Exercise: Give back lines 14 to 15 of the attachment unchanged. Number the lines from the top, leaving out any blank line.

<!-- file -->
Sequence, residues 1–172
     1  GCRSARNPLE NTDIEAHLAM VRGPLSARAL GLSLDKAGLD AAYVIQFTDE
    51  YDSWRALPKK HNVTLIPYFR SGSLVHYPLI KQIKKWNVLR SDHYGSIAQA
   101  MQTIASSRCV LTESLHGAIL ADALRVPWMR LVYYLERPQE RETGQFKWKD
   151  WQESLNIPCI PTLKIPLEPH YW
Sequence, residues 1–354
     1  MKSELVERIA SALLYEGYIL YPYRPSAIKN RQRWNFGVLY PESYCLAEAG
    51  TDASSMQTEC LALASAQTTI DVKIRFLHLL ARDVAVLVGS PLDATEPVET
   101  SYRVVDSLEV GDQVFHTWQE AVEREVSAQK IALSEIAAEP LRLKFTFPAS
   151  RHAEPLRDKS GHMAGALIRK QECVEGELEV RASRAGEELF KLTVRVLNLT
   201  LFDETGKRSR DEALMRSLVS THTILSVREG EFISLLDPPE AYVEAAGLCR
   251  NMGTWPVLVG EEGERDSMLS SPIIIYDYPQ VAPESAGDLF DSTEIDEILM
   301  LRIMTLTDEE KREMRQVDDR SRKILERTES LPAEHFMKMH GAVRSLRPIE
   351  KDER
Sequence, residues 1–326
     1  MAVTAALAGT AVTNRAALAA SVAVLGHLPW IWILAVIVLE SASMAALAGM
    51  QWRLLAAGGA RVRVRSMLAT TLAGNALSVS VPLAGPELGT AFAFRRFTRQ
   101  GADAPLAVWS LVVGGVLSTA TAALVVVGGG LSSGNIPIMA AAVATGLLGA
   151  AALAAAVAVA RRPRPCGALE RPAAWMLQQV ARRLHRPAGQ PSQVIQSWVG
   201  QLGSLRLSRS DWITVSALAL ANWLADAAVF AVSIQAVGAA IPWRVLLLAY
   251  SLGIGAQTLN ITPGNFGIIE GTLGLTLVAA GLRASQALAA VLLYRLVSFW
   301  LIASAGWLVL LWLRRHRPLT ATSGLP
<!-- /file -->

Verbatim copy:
   351  KDER
Sequence, residues 1–326